Fed’s interest rate outlook drives mortgage rates up

Rates for the 30-year mortgage continued to climb last week as the market anticipates further Fed action toward lowering inflation, according to Freddie Mac.  (iStock)

Rates for the 30-year mortgage rose to almost double what they were a year ago in response to the Federal Reserve’s efforts to lower inflation, Freddie Mac said.

The average rate for a 30-year fixed-rate mortgage increased to 5.66% for the week ending Sept. 1, according to Freddie Mac's Primary Mortgage Market Survey. This is an increase from the week prior when it averaged 5.55%, and is significantly higher than last year when it was 2.87%.

Other loan terms also increased last week. The 15-year mortgage increased to 4.98%, up from 4.85% the week before and up from 2.18% last week. The five-year Treasury-indexed hybrid adjustable-rate mortgage (ARM) also increased to 4.51%, up from 4.36% the week prior and up from 2.43% last year.

"The market’s renewed perception of a more aggressive monetary policy stance has driven mortgage rates up to almost double what they were a year ago," Sam Khater, Freddie Mac’s chief economist, said. "The increase in mortgage rates is coming at a particularly vulnerable time for the housing market as sellers are recalibrating their pricing due to lower purchase demand, likely resulting in continued price growth deceleration."

If you are looking to purchase a home or refinance your current mortgage, comparing multiple lenders can help you get the best rate. Visit Credible to find your personalized interest rate without affecting your credit score.


Markets react to Federal Reserve policy

Mortgage rates have been on a steady increase recently as the market speculated if the Federal Reserve would continue with its aggressive policy to curb inflation.

Following Federal Reserve Chair Jerome Powell’s comments at the central bank’s annual symposium in Jackson Hole, Wyo., last month, it seems that it will continue to raise interest rates to achieve its goal of reducing inflation. Powell reiterated that "restoring price stability" remains the Fed’s top priority even if higher interest rates "bring some pain to households and businesses." 

In response to the latest mortgage rates, Realtor.com's Manager of economic research, George Ratiu, said financial markets have continued to move in response to the Fed’s efforts to bring inflation back down toward 2%.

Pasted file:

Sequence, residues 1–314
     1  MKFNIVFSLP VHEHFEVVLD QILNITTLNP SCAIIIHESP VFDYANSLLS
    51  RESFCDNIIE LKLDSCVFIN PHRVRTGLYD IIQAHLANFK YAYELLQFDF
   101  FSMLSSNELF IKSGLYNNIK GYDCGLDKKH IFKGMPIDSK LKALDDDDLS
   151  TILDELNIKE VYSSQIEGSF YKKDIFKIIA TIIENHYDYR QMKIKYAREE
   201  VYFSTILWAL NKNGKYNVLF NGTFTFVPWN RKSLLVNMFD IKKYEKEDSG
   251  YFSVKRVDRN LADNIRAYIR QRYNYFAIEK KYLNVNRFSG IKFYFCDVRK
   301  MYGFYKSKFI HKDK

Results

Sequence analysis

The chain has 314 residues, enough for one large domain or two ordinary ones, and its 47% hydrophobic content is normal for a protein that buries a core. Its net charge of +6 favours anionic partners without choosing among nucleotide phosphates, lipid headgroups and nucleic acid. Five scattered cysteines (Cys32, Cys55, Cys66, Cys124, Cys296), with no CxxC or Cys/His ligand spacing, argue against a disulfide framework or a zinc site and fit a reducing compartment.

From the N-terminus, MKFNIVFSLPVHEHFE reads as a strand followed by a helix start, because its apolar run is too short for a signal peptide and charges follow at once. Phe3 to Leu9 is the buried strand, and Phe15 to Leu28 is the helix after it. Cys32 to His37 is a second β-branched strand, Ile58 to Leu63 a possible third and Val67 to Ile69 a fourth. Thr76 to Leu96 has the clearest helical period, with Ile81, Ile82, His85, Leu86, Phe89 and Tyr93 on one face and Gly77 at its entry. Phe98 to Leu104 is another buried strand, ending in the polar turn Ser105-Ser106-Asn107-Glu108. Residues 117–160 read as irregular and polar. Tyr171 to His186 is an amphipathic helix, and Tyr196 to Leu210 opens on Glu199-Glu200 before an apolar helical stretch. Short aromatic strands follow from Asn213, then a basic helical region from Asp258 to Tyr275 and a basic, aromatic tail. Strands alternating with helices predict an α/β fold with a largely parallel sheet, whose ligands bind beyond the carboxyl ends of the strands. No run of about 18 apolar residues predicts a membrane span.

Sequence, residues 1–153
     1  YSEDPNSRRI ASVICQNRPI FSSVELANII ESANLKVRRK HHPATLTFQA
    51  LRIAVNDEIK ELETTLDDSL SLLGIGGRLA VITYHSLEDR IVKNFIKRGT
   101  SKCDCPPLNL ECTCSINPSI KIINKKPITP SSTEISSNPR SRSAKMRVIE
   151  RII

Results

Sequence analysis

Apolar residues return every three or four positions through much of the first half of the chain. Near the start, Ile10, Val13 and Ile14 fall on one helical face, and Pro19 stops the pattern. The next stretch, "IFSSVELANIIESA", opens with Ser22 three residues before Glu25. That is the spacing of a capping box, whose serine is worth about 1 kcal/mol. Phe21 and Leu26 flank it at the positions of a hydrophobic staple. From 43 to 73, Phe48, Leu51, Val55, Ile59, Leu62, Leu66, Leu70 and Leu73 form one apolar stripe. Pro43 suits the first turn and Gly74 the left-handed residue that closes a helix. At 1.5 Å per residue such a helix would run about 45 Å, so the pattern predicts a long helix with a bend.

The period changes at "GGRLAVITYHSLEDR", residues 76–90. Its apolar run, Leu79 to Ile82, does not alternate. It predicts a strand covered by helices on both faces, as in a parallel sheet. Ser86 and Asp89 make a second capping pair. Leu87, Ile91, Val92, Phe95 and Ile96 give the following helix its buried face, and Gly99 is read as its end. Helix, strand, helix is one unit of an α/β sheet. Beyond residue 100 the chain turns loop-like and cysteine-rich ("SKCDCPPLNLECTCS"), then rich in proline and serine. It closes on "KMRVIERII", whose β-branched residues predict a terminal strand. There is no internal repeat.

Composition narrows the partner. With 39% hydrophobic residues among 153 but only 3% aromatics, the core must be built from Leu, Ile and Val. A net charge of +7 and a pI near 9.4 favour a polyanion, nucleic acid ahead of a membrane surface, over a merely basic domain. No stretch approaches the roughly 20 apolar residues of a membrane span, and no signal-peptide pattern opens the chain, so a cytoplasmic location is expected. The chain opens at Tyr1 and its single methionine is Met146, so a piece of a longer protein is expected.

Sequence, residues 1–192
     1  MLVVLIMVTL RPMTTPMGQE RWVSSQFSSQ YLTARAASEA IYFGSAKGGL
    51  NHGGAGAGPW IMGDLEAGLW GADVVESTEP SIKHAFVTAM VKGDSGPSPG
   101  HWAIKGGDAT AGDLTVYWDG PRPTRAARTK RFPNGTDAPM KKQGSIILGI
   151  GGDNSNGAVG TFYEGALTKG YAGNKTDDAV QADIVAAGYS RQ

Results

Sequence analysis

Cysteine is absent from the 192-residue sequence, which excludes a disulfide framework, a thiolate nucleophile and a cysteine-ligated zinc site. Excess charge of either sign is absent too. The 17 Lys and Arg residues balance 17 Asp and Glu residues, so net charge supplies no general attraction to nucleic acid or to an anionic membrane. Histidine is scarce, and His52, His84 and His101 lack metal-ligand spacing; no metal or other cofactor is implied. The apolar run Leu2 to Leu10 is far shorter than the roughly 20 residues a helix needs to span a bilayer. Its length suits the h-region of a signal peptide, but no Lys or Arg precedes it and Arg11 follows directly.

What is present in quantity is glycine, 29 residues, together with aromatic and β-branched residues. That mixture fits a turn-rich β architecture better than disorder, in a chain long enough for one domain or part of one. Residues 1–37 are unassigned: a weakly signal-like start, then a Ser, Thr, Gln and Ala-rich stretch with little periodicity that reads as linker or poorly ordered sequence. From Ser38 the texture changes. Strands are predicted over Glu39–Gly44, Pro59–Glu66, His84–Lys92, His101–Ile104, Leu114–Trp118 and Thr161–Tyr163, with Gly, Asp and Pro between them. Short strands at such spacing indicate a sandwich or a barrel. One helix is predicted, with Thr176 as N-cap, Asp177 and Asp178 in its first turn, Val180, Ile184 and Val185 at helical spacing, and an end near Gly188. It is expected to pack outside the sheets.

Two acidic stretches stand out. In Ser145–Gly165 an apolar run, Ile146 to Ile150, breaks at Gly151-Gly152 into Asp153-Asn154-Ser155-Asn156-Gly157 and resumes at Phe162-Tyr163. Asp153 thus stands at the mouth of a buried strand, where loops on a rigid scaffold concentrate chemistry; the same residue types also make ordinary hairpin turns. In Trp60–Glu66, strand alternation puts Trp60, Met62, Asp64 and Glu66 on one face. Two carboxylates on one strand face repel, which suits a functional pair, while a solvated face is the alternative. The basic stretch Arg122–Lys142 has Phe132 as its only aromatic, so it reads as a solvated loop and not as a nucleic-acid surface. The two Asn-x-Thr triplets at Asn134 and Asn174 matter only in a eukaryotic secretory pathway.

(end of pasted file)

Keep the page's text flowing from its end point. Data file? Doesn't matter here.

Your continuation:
"This week’s remarks by Cleveland Fed President Mester — who is also a voting member of the FOMC — were a clear indication of the current policy direction," Ratiu said last week. "She stated that the Fed needs to drive the benchmark rate above 4% by early 2023 and keep it steady through next year. The current policy rate is in the 2.25%-2.5% range, pointing to expectations of aggressive rate increases over the next few months."

If you want to take out a mortgage or get a mortgage refinance, you could consider using an online marketplace like Credible to help you compare lenders and potentially save money on your monthly payments and over the life of the loan. 


Mortgage rates will stay in 5% to 6% range

More interest rate increases could mean that consumers shopping for a mortgage loan in the coming months could expect to borrow at rates that hover between the 5% to 6% range, according to Ratiu. At those rates, homebuyers would face monthly mortgage payments that average "$2,000 a month or about 60% more than last year," he said. 

"This will challenge many first-time buyers, especially as wages are rising at just 5% per year," Ratiu said. "The silver lining for those still looking for a home is that houses are staying on the market longer, pushing sellers to drop asking prices and leaving more room for negotiation."

Ratiu said that as the market shifts into the fall, the pace of home sales could drop even further, creating more opportunity for discounts and home prices that fit better within homebuyers’ budgets.

If you are interested in taking advantage of rates now before they move higher, you could consider refinancing your mortgage to lower your monthly payments. Visit Credible to find your personalized interest rate without affecting your credit score.

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